Reviewing Russia’s role in 2016 while getting ready for 2018

July 27, 2018, 2:00 PM GMT+0

50% of Americans believe Russia interfered with the 2016 Presidential election

Did Russia interfere in the 2016 election? For half the public in the latest Economist/YouGov Poll the answer is yes. Even one in three Republicans agree.

But the bigger question may be whether or not it made a difference. Republicans and Democrats agree that Russian President Vladimir Putin preferred presidential candidate in 2016 was Donald Trump, not Democratic nominee Hillary Clinton. One in three Republicans (compared with 49% overall) say Putin favored then-GOP nominee Trump, one in five think he supported Clinton, something only one in ten non-Republicans believe. 77% of those who see Russian interference say it was because the Russians wanted to help Donald Trump.

But wanting an outcome and actually creating that outcome may be two different things. Two-thirds of those who saw interference think it affected the outcome, but those Republicans who say there was interference disagree.

These questions illustrate the national division Special Counsel Robert Mueller’s investigation into Russian actions in the 2016 election faces: a combined 37% either say there was no interference or say there was but that it didn’t affect the outcome, while 40% say there was Russian interference and believe it did make a difference in the outcome.

Americans narrowly agree that Russia did in fact spread fake news (53%-47%) and hacked Democratic National Committee emails (54%-45%) in order to help Donald Trump win.

Whether or not President Trump believes Russia had a reason to interfere in the US election became a subject for debate after the press conference following the Trump-Putin summit: what did President Trump mean to say? Was there no reason why Russia “would” -- or “wouldn’t” -- interfere in the 2016 election? This raised questions about who the President believes more: Putin, who denied interfering, or US intelligence agencies, who say Russia did (and that there is interference taking place now in the 2018 contests).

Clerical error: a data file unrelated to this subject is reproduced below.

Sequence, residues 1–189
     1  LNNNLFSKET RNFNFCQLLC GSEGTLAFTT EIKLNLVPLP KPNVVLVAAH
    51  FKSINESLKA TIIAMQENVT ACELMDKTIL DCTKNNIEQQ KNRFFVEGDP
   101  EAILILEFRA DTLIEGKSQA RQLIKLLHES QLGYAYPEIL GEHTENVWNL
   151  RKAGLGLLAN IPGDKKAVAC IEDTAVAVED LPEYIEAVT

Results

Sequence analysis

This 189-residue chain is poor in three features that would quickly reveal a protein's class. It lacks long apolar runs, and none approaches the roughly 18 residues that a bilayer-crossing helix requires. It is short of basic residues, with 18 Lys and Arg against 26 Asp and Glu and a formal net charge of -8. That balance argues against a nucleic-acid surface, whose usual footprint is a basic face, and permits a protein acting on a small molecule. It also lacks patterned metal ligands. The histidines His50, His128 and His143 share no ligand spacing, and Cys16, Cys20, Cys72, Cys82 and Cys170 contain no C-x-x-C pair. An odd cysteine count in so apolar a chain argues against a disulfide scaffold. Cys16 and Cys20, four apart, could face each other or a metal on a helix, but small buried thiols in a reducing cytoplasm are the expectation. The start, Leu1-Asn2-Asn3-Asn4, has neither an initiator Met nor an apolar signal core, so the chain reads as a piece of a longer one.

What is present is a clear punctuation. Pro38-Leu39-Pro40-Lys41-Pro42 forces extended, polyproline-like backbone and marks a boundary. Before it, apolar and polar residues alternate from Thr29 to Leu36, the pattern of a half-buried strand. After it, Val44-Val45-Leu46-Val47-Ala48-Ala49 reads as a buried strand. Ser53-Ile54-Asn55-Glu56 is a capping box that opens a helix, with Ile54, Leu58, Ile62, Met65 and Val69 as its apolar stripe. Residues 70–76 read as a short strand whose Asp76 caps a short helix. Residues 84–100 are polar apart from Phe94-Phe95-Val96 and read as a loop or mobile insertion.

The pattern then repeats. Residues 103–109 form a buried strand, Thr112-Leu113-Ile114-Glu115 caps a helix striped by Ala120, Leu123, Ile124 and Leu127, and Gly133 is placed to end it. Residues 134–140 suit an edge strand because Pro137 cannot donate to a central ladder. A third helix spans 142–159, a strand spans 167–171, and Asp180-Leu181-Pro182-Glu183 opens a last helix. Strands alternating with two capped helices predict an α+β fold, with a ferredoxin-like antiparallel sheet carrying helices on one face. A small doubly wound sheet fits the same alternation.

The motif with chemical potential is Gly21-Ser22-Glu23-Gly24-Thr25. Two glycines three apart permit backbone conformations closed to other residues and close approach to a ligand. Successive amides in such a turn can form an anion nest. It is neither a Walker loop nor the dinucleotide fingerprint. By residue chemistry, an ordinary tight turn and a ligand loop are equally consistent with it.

Americans don’t believe the President’s clarification. By two to one, they say the President believes Putin’s denial more than he believes US intelligence agencies, though Republicans say the opposite. And by 39% to 25%, American think President Trump really meant to say what he did at first during the press conference, that he saw no reason why “it would be Russia” who interfered in the election.

The perception that the President accepts Putin’s claim of non-interference is reflected in how Americans look at the relationship between President Trump and President Putin. More believe Putin has influence on President Trump than say the opposite.

Republicans see influence going in both directions: many say both men having at least “a little” influence on each other. Some suggest that Putin’s influence on the US President stems from information: as many think that Vladimir Putin has compromising material on Donald Trump than say he doesn’t.

There are clear partisan differences on whether or not whatever Russia did or didn’t do in 2016 even matters to many: while nearly half the public overall say they are concerned about possible improper relations between the Trump campaign and Russia, three in four Republicans say it bothers them little or not at all.

As for 2018, Democrats are looking back to President Barack Obama as the model for their Congressional candidates. By two to one they favor candidates like Obama over candidates like Vermont Senator Bernie Sanders. Republicans seem happy with what they have (and recent primary results indicate the same). By more than two to one, they prefer candidates more like Donald Trump than like former President George W. Bush.

In the national aggregate Democrats are preferred for the US House 44% to 38% for Republicans among all registered voters. But many are undecided and national vote totals may not reflect the actual seat outcomes.

See full toplines and tables results

Image: Getty